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tv   CNN Newsroom  CNN  September 18, 2010 12:00pm-1:00pm EDT

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>> car lashes. >> reporter: it takes about 15 minutes. you attach them with automotive trim tape that comes with the lashes. >> reporter: unlike fake lashes, car lashes can help you park, so you know where the end of the car is. car lashes have a competitive, male stash. okay. maybe you'll never see car lashes on danka patrick's race car or the presidential limousine but they have sold almost 2,000 since june and have ordered another 10,000. >> are they cute or functional, too. >> reporter: well, what would you like them to do? >> windshield wipers that bat their eye lashes as they clean. >> reporter: dotty says men might not put car lashes on their cars but they like seeing women drive by with them. >> they feel like they are being flirted with a little bit when they see them. >> reporter: will car lashes give the guy whiplash, put a
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little hussy in your headlights? jeane moos, cnn, new york. >> all right, fredricka. >> love that. >> our makeup room downstairs, i've seen some of the women's fake eye lashes in there that could probably fit on cars. >> i think you're right about that. i've seen them, too. some nice lashes on a ride. i don't know. i'm not seeing that on your car. >> i'm going to give mine a goatee in the front. >> that will work. thanks so much. you have a great day. >> i sure will. see you. >> of course there's one american family that's very, very happy. after more than a year, american hike er sarah shourd is free an she's speaking. she did that just before getting on a plane bound for new york. here is what she said before her sendoff in in oman. >> i want to begin by thanking
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his majesty for welcoming me to this beautiful country upon my release. i also want to send my gratitude to the american ambassador and his wife for hosting my family and i during our stay. i have depreciation for -- the honor of his friendship and continued engagement in my life and the life of my fiance shane bauer and my dear friend josh fattal during the past months. it would be a pleasure to return to oman, and it is my deepest, deepest hope i will be able to show shane and josh the grand mosque soon, one of the most peaceful and powerful places of worship i've ever seen.
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i will always associate your country with the first breath of my freedom. the chance to stand by the ocean listening to the waves. i think the good, hospitable people of oman and thank you for your support and ask you to please, please extend your prayers to my fiance shane and my friend josh. they will soon be free. thank you. >> american hiker sarah shourd there in oman speaking after her release in iran. there are two other american hikers still held in tehran. we'll try to get an update on their situation. a reporter will join us live later on. in the meantime in this country, bp's broken well in the gulf of mexico is about to be
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permanently sealed. today bp officials pumped cement into the bottom of the well. once cement is set, a final pressure test will be conducted. if that's successful, the well will be officially declared dead. it ruptured five months ago causing the largest oil spill in u.s. history. joining us by phone, the u.s. coast guard's on scene incident commander, rear admiral. thanks so much for your time. give me an how relieved you are at this juncture because of this progress taking place today? >> fredricka, that's certainly good news the well is dead but certainly the operation lives on. we're actually 66 days since no oil was discharged from that well. we still have 600 miles of shoreline from florida to louisiana that have been impacted. in fact, today i have over 25,000 people out there doing very intense and high heat conditions cleanup along those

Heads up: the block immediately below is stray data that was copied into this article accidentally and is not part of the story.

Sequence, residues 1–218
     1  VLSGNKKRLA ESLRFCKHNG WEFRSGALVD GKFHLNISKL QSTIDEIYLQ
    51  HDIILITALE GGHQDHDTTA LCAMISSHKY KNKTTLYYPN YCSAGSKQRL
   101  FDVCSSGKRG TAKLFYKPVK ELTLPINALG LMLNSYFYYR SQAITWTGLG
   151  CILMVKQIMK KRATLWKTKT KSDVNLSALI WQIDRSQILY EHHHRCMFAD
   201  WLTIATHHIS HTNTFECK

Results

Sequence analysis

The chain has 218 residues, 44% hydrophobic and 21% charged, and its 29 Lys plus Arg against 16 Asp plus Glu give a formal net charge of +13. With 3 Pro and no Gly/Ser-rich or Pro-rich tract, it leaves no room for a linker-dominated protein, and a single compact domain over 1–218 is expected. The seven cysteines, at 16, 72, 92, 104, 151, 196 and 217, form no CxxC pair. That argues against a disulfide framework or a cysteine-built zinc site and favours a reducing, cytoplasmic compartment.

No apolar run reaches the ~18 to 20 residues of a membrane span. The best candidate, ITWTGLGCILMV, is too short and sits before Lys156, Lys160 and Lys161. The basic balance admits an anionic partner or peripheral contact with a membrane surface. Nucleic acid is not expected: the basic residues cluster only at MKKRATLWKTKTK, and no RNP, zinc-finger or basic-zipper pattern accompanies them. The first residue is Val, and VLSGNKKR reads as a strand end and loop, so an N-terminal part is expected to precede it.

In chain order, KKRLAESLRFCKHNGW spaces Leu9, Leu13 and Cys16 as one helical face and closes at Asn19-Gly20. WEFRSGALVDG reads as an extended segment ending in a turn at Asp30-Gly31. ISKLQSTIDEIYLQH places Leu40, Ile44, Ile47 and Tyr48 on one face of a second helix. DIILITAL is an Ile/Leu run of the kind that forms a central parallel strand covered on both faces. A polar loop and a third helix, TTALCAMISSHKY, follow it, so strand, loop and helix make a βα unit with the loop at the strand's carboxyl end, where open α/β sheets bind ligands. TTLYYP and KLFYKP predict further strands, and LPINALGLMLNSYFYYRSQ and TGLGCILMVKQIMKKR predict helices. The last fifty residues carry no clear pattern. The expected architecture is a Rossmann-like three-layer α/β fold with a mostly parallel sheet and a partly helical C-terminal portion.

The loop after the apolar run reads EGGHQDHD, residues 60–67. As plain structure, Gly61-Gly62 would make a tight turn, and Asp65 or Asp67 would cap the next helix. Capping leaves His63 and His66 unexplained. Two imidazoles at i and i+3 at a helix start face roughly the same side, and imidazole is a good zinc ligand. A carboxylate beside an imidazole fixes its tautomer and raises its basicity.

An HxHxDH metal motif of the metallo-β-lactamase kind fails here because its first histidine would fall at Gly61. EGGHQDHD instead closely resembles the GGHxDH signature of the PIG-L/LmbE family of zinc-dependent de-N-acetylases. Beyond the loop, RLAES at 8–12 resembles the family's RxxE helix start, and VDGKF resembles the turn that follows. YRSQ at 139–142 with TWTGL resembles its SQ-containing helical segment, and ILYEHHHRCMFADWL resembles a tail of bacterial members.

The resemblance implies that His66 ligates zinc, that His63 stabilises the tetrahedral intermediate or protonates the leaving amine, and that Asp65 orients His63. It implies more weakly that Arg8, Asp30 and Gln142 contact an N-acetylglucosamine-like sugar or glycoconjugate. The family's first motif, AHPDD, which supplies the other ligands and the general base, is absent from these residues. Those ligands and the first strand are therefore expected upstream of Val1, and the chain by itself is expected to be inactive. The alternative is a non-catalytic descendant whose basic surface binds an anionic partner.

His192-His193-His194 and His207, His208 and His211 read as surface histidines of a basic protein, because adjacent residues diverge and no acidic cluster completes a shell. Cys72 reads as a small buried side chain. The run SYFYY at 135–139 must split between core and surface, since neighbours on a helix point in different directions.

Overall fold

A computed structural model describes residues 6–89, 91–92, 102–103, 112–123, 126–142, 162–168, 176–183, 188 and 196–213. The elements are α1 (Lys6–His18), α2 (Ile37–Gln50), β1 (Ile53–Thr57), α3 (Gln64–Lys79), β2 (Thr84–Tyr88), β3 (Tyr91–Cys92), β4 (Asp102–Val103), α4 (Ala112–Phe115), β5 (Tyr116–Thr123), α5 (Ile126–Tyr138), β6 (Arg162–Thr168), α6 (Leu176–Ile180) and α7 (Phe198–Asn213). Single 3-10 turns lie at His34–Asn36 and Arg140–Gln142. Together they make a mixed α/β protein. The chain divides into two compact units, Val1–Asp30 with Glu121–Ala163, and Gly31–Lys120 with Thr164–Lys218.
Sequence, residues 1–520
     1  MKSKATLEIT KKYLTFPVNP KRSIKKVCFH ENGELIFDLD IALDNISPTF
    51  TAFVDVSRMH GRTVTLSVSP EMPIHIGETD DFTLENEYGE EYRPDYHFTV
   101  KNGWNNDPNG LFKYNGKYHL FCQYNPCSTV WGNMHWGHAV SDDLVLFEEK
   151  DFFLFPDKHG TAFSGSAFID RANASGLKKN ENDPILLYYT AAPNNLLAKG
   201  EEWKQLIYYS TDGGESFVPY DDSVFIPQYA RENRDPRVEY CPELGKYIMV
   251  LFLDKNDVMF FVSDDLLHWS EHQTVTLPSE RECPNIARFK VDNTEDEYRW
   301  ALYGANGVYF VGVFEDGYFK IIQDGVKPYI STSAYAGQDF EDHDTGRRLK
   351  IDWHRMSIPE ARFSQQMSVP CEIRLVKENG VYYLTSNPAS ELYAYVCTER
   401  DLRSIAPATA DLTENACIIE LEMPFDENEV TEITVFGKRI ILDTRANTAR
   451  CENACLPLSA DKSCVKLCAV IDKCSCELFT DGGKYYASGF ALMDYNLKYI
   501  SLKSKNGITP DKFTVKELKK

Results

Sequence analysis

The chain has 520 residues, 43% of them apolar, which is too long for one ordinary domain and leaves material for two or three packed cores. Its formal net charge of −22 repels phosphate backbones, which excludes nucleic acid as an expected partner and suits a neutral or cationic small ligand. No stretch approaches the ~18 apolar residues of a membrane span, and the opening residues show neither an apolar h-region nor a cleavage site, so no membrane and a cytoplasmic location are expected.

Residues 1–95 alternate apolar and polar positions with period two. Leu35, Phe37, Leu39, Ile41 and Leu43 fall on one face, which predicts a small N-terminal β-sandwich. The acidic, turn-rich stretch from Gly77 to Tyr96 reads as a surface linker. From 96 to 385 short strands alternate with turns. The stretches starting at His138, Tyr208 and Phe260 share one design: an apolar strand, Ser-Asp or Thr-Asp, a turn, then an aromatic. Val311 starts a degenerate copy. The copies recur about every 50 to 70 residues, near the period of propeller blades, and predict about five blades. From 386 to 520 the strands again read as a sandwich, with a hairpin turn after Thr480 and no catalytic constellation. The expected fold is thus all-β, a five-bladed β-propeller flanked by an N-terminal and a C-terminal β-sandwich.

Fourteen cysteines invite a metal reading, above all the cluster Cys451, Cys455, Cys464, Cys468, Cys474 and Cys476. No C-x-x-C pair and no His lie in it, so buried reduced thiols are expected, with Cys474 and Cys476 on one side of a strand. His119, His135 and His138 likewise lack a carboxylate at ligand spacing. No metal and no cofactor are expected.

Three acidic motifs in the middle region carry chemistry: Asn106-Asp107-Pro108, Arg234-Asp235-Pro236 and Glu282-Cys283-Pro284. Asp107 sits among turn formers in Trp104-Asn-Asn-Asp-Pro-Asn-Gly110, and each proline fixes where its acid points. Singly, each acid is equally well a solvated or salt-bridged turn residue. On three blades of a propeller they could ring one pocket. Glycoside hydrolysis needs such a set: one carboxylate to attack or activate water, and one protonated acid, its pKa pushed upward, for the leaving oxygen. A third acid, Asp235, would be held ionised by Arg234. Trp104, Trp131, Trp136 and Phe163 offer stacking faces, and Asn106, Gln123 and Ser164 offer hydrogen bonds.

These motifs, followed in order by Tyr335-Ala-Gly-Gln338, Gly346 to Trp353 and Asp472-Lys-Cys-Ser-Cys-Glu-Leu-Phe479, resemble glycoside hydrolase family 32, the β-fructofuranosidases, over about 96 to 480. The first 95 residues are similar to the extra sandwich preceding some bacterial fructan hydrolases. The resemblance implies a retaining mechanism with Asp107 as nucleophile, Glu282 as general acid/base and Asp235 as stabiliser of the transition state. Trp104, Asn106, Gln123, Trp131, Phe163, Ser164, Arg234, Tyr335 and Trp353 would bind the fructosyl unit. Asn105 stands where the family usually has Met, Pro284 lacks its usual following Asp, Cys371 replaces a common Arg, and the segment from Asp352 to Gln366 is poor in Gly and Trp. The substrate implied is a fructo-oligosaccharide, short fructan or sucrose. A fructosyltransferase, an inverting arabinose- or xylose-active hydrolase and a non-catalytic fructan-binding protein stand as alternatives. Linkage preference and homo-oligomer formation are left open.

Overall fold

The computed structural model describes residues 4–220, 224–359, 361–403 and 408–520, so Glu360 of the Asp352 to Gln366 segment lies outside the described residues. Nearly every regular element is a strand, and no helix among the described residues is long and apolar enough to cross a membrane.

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600 miles. that will continue for some period of time. another concern has been, where did the rest of the oil go? we have -- today i've got 11 research vessels. we're working very closely with noaa, academic, scientific community doing deep water and sediment samples and also sampling very close to shore. more importantly sampling for seafood safety. this the most tested food anywhere in the world right now. the good news is, most of these areas that were closed because of this spill are now reopening. >> you mentioned, though, admiral, you're still wondering where the oil went. what are you or crews able to do in the gulf to investigate that, then i want to ask you about that pressure test that will be taking place to be able to
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assure people they should feel comforted by the progress on the well. first talk to me about the investigation of where that oil went. >> okay. most people are familiar with the oil budget and it shows 26% of the oil remaining. of the 4.9 million barrels estimated to have been released. we're doing a significant amount of water sampling down to depths of 5,000 feet, sediment sampling. what we're finding are areas in the parts per million, which would not be detectible by the naked eye, to be placed in a glass of water. there's still a presence of oil. i don't want to diminish the fact that there is residual left from a spill of this magnitude. we have before skimmers, now research vessels and other static technology to look for tar also close to shore as well.